Norovirus Infection, Causes, Symptoms, and Treatment.

Article By: Patrick Mansfield | U.S. Health Alerts
Noro Virus

Noroviruses is an extremely contagious virus that is responsible for the majority of acute gastroenteritis (infection of the stomach and intestines) cases in the United States. Norovirus illness is transmitted easily and is often referred to as the stomach flu or viral gastroenteritis. 

Transmission of the virus can occur person-to-person or through contaminated food or drinks prepared by an infected person. The virus is shed in the vomit and feces of the infected host. The virus is extremely hearty and is capable of surviving on surfaces that have come into contact with an infected person. 

Common Sources    

Norovirus can be spread through a wide range of routes including the ones mentioned below:
  • Unwashed fruits and vegetables
  • Shellfish
  • Ready-to-eat foods handled by infected workers (examples include salads, sandwiches, ice, cookies, and fruit)
  • Any other foods contaminated by an infected person
  • Incubation Period    
The typical incubation period for norovirus is between 12 to 48 hours.

Symptoms of Norovirus Infection    
  • Diarrhea (more common in adults)- usually non-bloody
  • Vomiting (more common in children)
  • Nausea
  • Stomach pain
Duration of Infection

Typically, an infection will last between 1 to 3 days. Infection in younger children, older adults, or hospitalized patients can last as long as 4 to 6 days. 

Treatment of Norovirus Infection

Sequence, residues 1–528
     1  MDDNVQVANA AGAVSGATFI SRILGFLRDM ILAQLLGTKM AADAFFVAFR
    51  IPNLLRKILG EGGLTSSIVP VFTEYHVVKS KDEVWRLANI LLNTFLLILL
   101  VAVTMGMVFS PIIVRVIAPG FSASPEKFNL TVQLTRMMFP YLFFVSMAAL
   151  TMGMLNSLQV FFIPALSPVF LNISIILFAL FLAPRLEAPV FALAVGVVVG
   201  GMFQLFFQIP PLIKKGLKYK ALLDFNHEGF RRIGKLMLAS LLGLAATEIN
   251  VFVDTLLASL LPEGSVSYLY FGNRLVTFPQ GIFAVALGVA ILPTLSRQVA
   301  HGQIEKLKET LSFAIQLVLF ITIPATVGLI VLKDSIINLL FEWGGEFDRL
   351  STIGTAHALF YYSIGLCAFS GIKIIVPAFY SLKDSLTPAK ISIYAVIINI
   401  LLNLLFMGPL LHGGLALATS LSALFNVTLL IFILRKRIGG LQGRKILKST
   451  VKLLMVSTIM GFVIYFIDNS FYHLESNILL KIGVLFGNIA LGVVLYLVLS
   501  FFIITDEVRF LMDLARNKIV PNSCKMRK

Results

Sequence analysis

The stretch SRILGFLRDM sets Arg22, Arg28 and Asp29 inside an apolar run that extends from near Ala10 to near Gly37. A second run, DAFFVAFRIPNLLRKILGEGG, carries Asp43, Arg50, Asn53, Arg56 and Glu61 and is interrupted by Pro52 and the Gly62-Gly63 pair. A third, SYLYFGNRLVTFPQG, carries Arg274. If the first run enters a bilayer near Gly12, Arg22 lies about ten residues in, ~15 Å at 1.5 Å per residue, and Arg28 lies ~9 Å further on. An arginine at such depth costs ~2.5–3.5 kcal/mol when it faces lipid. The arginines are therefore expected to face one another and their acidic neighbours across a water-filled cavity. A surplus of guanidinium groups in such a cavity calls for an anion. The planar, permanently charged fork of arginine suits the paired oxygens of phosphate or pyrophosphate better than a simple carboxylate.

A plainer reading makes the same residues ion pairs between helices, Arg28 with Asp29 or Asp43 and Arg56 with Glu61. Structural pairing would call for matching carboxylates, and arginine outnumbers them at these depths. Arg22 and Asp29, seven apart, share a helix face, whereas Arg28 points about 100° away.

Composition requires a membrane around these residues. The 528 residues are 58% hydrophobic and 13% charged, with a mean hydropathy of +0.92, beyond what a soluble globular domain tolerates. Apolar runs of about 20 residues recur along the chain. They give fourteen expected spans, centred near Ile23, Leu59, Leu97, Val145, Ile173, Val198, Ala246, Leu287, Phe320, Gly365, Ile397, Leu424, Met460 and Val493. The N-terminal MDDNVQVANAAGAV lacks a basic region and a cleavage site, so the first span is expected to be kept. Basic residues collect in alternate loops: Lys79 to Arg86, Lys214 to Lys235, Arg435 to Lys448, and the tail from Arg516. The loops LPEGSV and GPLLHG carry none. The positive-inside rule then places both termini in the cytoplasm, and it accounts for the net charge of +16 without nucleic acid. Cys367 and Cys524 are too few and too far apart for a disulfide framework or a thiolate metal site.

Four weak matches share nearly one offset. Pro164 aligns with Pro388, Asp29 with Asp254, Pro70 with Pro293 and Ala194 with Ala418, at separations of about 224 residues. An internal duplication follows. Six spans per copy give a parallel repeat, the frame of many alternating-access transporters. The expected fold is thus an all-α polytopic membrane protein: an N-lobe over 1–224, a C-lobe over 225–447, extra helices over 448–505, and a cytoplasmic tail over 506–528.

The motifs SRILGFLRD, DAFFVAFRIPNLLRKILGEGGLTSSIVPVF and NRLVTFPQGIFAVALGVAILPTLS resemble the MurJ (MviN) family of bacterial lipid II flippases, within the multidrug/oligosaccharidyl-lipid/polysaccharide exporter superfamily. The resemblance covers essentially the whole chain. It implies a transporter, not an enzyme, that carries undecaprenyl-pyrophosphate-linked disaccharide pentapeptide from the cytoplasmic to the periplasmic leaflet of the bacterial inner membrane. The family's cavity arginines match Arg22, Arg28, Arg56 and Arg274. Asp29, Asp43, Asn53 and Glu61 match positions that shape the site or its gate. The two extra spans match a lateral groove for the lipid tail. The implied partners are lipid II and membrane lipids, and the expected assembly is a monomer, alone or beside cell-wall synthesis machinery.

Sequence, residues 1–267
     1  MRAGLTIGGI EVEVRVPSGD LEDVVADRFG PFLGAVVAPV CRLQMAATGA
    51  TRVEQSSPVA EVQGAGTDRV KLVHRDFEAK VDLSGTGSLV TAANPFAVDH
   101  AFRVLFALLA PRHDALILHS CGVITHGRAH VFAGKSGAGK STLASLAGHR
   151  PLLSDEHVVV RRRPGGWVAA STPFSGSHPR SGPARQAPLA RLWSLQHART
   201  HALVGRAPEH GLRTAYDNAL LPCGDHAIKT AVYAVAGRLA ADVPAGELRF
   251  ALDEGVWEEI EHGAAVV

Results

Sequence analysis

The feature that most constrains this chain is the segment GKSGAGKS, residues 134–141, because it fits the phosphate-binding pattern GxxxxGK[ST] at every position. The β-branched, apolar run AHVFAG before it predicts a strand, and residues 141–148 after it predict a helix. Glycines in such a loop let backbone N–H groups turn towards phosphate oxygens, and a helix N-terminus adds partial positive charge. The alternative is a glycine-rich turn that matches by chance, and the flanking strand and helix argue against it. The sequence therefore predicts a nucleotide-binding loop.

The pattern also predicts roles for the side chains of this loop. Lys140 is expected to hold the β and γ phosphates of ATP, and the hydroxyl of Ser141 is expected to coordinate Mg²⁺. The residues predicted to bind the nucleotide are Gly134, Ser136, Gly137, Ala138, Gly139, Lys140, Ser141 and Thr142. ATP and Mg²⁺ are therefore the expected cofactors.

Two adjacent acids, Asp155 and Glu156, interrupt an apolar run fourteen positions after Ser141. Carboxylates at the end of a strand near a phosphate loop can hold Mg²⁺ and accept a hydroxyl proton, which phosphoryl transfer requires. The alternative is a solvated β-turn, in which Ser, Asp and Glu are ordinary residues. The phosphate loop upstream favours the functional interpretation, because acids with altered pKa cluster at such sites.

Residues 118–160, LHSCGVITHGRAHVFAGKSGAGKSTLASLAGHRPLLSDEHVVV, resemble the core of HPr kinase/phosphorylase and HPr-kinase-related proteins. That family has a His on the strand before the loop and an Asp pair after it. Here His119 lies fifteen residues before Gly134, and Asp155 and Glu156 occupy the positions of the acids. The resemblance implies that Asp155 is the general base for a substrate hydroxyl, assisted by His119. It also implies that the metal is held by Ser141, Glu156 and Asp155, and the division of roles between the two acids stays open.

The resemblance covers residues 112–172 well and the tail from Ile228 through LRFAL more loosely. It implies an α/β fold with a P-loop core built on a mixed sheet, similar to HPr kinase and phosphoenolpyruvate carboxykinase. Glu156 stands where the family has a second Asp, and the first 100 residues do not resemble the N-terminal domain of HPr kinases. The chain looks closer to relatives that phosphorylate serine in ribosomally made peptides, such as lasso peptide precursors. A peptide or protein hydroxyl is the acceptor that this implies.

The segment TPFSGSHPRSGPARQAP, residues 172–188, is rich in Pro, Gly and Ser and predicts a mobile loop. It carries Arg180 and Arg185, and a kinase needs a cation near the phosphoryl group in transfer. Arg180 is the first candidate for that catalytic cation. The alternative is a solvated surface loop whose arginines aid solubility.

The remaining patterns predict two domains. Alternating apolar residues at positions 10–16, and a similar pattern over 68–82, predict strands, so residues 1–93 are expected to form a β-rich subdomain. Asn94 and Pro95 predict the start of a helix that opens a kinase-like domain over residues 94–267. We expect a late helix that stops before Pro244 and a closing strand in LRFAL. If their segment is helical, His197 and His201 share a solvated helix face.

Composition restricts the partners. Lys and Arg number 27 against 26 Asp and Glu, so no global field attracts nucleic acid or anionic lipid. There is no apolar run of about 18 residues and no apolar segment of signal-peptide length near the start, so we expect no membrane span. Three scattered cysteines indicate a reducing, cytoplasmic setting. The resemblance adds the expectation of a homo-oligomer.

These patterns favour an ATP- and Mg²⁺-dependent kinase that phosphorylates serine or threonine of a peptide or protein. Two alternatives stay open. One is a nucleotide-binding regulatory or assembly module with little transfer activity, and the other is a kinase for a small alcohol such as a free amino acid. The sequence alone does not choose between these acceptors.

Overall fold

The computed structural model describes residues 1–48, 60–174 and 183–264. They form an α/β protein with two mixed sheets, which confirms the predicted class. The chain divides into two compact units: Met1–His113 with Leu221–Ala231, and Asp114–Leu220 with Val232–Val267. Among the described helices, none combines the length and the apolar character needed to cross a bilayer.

In order to assist your body in battling the virus, it is essential to drink adequate amounts of fluids and rest as often as possible. If you are having trouble holding down enough fluids and experiencing dehydration, it is crucial to contact your physician immediately. 

Following is a list of 7 helpful tips for preventing a possible infection. 

1. Wash your hands frequently and thoroughly with soap and warm water for at least 20 to 30 seconds. This is especially important after using the bathroom or prior to preparing food.

2. When working in a deli, restaurant, or any type of food service, it is crucial to wear gloves and never touch food with your bare hands. 

3. Any surface that has been potentially contaminated by the virus must be thoroughly cleaned (it is recommended to use a bleach-based cleaner).

4. Be sure to thoroughly disinfect any surface or equipment used for food preparation.

5. If you are experiencing vomiting or diarrhea, avoid preparing or handling food for others. 

6. Always wash fruits and vegetables prior to consumption and cook oysters and other shellfish thoroughly.

7. Machine wash and dry any clothing that has been soiled by vomit or feces immediately (and wash hands after handling soiled material).
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